It seems like automakers cannot keep still. There is a lot of movement in terms of production lately, both to the United States and to other countries.
One country that is slowly becoming an automotive hotspot is Mexico, where Japanese automakers are moving for manufacturing. It has long been a preferred spot for domestic car manufacturers. Detroit’s Big Three—Ford, Chrysler and General Motors—have had factories in the country since the 1960s.
Japanese automakers followed suit. Nissan Motor Co. was the first one, building its first plant in Mexico back in 1966. It currently has 3 factories there, the newest of which opened in November last year in the city of Aguascalientes. Honda Motor Co. and Toyota Motor Corp. eventually caught up.
The latest carmaker to move assembly south-of-the-border is Mazda Motor Corp. The Asian auto manufacturer opened its newest assembly plant in Salamanca, Mexico on February 27th. Mazda closed its production plant in Michigan 2 years ago.
Due to the influx of automakers, Mexico is expected to become a leader in auto exports by next year. The country is ideal for auto manufacturing because it offers a number of advantages, especially for the Japanese makers. Carmakers can benefit from reduced production costs due to less expensive labor, as well as better availability of autos as a result of faster access to dealerships, among others.
While most automakers are bringing manufacturing to Mexico, Ford is bringing manufacturing back from Mexico. The company recently announced that it will move the production of the all-new 2016 F-650 and F-750 medium-duty trucks to Ohio beginning early next year. The aforementioned trucks will be hitting the showrooms in spring 2015.
Ford’s Ohio Assembly Plant, located at Avon Lake, was opened back in 1974. It currently produces the E-series fleet consisting of vans and other commercial autos. The production of the E-Series cargo and passenger vans will be discontinued later this year and the vehicles will be replaced with the all-new 2015 Ford Transit. Production of the Transit will begin this spring at the Kansas City Assembly Plant located in Claycomo, Missouri. Meanwhile, the Ohio Assembly Plant will retain the production of the Econoline cab-chassis and cutaway commercial vehicles.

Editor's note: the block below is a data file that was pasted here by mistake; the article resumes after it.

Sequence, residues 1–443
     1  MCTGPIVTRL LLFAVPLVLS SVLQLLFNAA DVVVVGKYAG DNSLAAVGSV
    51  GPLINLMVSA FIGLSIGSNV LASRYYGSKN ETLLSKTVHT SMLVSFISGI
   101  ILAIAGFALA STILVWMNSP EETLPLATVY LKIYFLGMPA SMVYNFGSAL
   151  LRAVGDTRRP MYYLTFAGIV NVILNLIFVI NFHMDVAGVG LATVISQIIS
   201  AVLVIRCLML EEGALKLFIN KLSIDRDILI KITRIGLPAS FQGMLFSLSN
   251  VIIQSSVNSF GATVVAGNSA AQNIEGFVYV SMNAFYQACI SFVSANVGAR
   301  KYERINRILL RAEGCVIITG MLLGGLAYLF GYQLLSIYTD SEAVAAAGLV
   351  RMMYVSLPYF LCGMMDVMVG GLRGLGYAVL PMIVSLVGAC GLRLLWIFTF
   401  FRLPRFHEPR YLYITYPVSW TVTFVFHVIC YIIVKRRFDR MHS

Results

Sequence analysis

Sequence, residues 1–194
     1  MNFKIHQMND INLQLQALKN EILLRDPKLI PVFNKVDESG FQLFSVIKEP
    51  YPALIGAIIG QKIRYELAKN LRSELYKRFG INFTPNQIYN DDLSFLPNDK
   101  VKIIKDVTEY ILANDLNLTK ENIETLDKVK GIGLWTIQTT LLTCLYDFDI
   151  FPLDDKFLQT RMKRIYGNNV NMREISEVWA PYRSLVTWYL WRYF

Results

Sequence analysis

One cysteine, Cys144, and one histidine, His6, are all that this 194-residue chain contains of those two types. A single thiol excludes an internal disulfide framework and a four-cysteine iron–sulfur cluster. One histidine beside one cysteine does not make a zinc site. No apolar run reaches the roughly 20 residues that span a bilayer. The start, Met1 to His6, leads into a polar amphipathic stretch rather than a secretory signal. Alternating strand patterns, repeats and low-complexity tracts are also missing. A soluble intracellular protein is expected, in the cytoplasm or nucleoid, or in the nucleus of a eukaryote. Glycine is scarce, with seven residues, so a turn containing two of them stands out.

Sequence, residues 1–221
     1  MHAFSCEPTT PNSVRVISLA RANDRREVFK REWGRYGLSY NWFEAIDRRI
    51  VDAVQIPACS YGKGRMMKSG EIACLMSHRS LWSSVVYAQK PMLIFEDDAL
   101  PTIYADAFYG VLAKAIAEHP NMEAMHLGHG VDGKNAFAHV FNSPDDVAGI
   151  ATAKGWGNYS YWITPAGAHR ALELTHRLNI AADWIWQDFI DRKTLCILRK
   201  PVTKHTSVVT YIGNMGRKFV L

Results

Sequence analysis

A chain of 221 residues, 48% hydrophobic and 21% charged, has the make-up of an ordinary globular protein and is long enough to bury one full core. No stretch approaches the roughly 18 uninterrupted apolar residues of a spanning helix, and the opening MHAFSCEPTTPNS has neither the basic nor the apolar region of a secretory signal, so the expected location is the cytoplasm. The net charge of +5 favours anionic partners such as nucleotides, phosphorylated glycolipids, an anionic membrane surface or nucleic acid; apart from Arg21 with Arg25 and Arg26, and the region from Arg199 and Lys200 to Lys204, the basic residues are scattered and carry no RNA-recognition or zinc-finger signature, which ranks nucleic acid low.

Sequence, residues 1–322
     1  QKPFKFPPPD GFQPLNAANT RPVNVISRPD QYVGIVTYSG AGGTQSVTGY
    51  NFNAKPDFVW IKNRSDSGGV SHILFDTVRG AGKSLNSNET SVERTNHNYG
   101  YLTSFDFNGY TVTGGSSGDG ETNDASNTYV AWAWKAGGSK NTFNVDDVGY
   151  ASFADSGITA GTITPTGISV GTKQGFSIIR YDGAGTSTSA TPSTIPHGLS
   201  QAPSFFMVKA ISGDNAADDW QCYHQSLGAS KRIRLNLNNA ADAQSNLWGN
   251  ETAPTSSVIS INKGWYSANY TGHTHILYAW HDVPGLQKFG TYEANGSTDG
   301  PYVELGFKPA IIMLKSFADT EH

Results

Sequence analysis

The future of the Avon Lake factory was secured by the 2011 collective bargaining agreement between Ford and the United Auto Workers. The automaker will be investing $168 million to retool the plant for the production of the brand’s latest medium-duty trucks.
In other news, Chrysler is about to close a deal to have its Jeeps manufactured in China for local sale. Fiat Chrysler Automobiles Chief Executive Sergio Marchionne recently mentioned that they have been working to secure a deal with Guangzhou Automobile Group to kick-start the local production of Jeeps in China.
Most of the Jeep models are built in the U.S., then exported abroad. Unfortunately, China’s policies regarding imported cars are making it difficult for foreign carmakers like Chrysler to penetrate its fast-growing market. As a result, non-domestic carmakers are compelled to work with local manufacturers for the production of the former’s vehicles.
Fiat Chrysler and Guangzhou Auto intend to construct a $771 million production plant in Guangzhou in southern China. The factory will have a production capacity of 60,000 units annually. According to Jeep CEO Mike Manley, the Cherokee and the Renegade compact crossover are the main candidates to be manufactured in the Guangzhou plant for the local market.